Detection of TEM-, SHV- and CTX-M-type β-lactamase production among clinical isolates of Salmonella species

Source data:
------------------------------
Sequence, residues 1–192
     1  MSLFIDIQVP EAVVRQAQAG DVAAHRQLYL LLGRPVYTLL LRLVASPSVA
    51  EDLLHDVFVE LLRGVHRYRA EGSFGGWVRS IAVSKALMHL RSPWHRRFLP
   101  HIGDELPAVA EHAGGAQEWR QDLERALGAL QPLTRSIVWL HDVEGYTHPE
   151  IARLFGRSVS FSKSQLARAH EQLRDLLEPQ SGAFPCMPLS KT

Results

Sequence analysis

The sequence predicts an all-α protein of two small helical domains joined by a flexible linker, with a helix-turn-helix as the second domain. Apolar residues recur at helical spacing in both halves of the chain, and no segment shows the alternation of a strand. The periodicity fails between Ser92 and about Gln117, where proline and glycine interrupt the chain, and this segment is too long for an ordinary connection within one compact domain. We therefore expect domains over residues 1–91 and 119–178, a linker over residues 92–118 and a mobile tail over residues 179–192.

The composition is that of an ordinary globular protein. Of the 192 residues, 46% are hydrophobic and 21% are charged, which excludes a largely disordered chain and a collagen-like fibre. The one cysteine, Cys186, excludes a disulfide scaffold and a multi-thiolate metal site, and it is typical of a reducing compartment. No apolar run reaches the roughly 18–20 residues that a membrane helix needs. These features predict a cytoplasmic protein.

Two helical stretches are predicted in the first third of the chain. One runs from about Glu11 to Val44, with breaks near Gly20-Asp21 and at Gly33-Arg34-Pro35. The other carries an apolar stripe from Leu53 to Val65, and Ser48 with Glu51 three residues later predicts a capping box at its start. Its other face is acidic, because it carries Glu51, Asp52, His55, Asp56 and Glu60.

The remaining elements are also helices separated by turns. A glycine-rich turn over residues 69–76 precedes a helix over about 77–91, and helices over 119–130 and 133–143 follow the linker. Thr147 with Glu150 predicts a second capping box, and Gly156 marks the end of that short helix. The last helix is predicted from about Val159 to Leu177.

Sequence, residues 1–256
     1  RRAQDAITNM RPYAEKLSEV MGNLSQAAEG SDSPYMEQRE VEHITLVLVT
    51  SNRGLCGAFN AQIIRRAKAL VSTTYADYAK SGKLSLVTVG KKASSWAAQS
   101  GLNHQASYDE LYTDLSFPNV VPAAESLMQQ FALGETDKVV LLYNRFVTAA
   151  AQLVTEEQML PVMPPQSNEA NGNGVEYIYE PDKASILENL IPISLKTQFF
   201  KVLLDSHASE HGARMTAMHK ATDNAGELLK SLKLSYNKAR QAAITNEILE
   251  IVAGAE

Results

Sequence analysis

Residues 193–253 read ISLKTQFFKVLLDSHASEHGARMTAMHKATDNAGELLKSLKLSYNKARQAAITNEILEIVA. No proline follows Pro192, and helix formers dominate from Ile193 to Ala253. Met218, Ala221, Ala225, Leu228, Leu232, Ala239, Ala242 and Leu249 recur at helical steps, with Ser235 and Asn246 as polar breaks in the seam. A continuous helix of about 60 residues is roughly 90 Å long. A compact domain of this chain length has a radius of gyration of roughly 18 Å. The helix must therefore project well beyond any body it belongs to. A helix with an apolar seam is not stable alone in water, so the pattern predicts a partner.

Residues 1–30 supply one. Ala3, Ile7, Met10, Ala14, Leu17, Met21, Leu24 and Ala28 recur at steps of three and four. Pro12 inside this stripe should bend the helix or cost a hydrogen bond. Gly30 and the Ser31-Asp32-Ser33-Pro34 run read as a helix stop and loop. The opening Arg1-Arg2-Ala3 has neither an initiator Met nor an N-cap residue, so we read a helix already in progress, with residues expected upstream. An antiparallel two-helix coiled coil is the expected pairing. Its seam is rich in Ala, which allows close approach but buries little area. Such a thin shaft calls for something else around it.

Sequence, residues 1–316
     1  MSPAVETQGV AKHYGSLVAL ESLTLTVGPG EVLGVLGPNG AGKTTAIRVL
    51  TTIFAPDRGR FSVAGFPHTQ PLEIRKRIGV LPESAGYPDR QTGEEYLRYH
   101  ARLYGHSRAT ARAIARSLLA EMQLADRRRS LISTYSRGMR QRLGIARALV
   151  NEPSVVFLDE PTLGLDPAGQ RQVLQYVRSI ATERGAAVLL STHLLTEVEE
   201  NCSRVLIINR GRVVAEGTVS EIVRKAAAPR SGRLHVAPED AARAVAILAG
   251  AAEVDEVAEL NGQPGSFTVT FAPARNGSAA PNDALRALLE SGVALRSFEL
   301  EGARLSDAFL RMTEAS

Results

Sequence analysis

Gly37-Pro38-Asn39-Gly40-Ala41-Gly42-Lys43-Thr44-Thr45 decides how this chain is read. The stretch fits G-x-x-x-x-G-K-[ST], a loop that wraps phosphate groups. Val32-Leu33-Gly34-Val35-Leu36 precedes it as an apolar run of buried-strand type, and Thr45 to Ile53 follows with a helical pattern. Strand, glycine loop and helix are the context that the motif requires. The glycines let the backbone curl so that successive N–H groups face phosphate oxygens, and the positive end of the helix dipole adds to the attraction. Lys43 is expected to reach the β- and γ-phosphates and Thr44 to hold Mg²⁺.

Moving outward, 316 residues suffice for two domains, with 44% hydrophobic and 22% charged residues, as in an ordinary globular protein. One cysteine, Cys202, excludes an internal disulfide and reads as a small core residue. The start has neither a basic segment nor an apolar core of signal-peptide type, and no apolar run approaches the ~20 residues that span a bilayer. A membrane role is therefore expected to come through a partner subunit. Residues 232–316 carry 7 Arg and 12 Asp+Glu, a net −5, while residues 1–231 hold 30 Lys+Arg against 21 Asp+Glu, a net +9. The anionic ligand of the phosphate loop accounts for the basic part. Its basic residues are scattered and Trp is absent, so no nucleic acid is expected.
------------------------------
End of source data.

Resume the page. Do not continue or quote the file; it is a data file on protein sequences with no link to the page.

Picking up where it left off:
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Enteric fever is a major public health problem in developing countries. Due to the problem of resistance to first-line drugs and fluoroquinolone, cephalosporins are currently used for treatment of enteric fever. Cephalosporin resistance in Salmonella spp. is mainly due to production of extended-spectrum β-lactamases (ESBLs). The majority of ESBLs in Salmonella are derivatives of the TEM and SHV β-lactamase families. The objectives of this study were to detect antibiotic susceptibility patterns, ESBL production and TEM-, SHV- and CTX-M-encoding genes (blaTEM, blaSHV and blaCTX-M) among clinical isolates of Salmonella spp. A total of 134 Salmonella isolates [Salmonella Typhi (n=101), Salmonella Paratyphi A (n=31), Salmonella Paratyphi B (n=1) and Salmonella Typhimurium (n=1)] were included in this study. Multidrug resistance was seen in 5/134 (3.73 %) isolates, all of which belonged to serotype S. Typhi. A better susceptibility profile was observed for first-line drugs (ampicillin, chloramphenicol, co-trimoxazole and tetracycline) and cephalosporins (cefotaxime, ceftazidime, ceftriaxone, cefixime and cefepime). However, 131 (97.76 %) of the 134 isolates were resistant to nalidixic acid and one (0.75 %) was resistant to ciprofloxacin. TEM-1-type β-lactamase (blaTEM-1) was detected in six (4.47 %) of the 134 isolates, which belonged to the serotype S. Typhi. All six TEM-positive isolates were negative for the blaSHV gene and none of the isolates was positive for the blaCTX-M gene. The presence of the blaTEM gene encoding TEM-1 β-lactamase is believed to confer resistance only to penicillins and early cephalosporins; however, the resistance spectrum of TEM-1 descendants may extend to second-, third- and fourth-generation cephalosporins. The ESBLs derived from TEM-1 differ from their progenitors by as few as 1 aa, and have the ability to hydrolyse third-generation cephalosporins. Therefore, appropriate selection and rotation of antibiotics as well as continuous monitoring of antibiotic susceptibility profiles could help to control the emergence and spread of resistant strains.

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